To quantify the difference in locomotion between wild type and mutant larvae, we analyzed peristaltic frequency [13] allowing third instar male larvae to crawl freely on an agarose substrate in the absence of any obvious sensory cues for a period of 60 seconds. The entire period was recorded under high magnification with a camera video program. Whereas wild type (y w) male larvae moved at 53.3±2.1 strides per minute (n = 33), dtorsinKO13 male larvae exhibited approximately a ∼50% decrease in stride frequency, 24.6±3.0 (n = 29, p<0.0001) (Figure 2A, and Video S1 and S2). The locomotion deficit in mutant male third instar larvae was fully rescued (61.8±1.4, n = 21) by introducing the genomic DNA fragment containing the entire dtorsin gene (Figure 2A).

Figure 2
dtorsin mutant larvae have mobility defects.

Next we examined the crawling pattern of the larvae. To visualize the locomotion of larvae, the videos were analyzed with a newly developed program “Prairie Dog”. Wild type male larvae moved in a relatively straight line, with few changes in direction until they quickly reached the edge of the dish (Figure 2B, C). However, mutant male larvae frequently stopped and changed direction. As a result, mutant larvae often circled around the same location, gaining little distance from the starting point (Figure 2D, E).

Neural expression of dtorsin can rescue the larval locomotion deficit

To determine whether the larval mobility deficit was specifically due to lack of Dtorsin in neurons, we used the GAL4/UAS system [19] to express a dtorsin cDNA using neuronal drivers (Figure 3). When the pan-neuronal driver elavGAL4 was combined with the UAS-dtorsin cDNA transgene, a strong rescue of the larval mobility was observed (50.5±2.5, n = 14, p<0.0001) compared to the equivalent dtorsin-null male larvae (elavGAL4, dtorsinKO13) lacking the UAS-dtorsin transgene (28.3±1.4 strides/min, n = 32). With the dopaminergic tissue-specific driver TH-GAL4 and the UAS-dtorsin transgene, we observed a significant increase of peristaltic frequency (39.4±2.4, n = 12, p = 0.0003) compared to the control (y w dtorsinKO13), although the rescue was weaker than that achieved with elavGAL4, suggesting that other neurons in addition to dopaminergic neurons may play important roles in regulating larval mobility in dtorsin null mutants. Transgenes of elavGAL4 or TH-GAL4 alone had no effect on the mobility of larvae with or without the dtorsinKO13 null mutation (Figure 3). Expression of the dtorsin cDNA controlled by a muscle-specific driver, MHC-GAL4 [20] did not rescue the dtorsin null mutant larval mobility defect (data not shown). These results suggested that dtorsin expression in neurons plays an important role in regulating larval mobility.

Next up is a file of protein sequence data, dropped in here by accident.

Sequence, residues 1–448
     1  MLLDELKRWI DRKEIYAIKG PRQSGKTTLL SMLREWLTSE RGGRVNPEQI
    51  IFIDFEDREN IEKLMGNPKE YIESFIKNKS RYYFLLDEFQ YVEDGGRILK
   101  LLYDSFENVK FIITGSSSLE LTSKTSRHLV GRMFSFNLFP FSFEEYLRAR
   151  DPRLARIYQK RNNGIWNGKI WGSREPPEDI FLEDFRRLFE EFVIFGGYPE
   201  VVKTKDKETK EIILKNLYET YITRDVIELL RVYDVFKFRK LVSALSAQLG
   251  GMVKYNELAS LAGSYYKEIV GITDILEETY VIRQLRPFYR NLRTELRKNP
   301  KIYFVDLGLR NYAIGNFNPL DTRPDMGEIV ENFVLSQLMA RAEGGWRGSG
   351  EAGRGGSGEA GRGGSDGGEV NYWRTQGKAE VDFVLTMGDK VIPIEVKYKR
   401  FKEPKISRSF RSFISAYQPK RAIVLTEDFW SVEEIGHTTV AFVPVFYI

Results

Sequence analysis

Figure 3
Rescue of dtorsin mutant male larvae mobility defects by cDNA expression.

Rescue of larval locomotion deficit by neuronal expression of human torsinA

Next, we examined if the wild type human torsinA cDNA could rescue the dtorsin null mutant mobility defect. We found that human torsinA cDNA expressed with the Actin5c- or the Tubulin-GAL4 drivers rescued all phenotypes (pigmentation, bristle, and mobility) at very low frequency (Table S1). When this same human torsinA was expressed with the neuron-specific driver elavGAL4, a very significant rescue of the 3rd instar dtorsin null male larval mobility was observed (56.3±3.8 strides/min, n = 14, p<0.0001) compared to the control dtorsin null male larvae (28.3±1.4 strides/min, n = 32) (Figure 3). The peristaltic frequency of the dtorsin null male larvae that expressed the human torsinA cDNA in neurons was statistically similar to the wild type control (y w; 55.2±2.5 strides/min, n = 15). These data indicate that the neuronal functions of the human torsinA and dtorsin are very well conserved with respect to the regulation of the larval locomotion.

Dopamine restored locomotor deficit phenotype in dtorsin mutant lines

In Drosophila, ingestion of dopamine increases dopamine pools in the fly head, though in mammals peripheral dopamine does not enter into the brain [21]. Since expression of dtorsin in dopaminergic cells produced detectable rescue of the locomotion phenotype, we tested whether addition of dopamine to fly food could also rescue this defect. Previous studies have shown that dopamine, serotonin, and octopamine can all affect larval locomotion as well as adult behaviors in Drosophila [16], [22], [23]. Consequently, we also tested whether serotonin or octopamine could rescue the locomotion deficit of male dtorsin null larvae.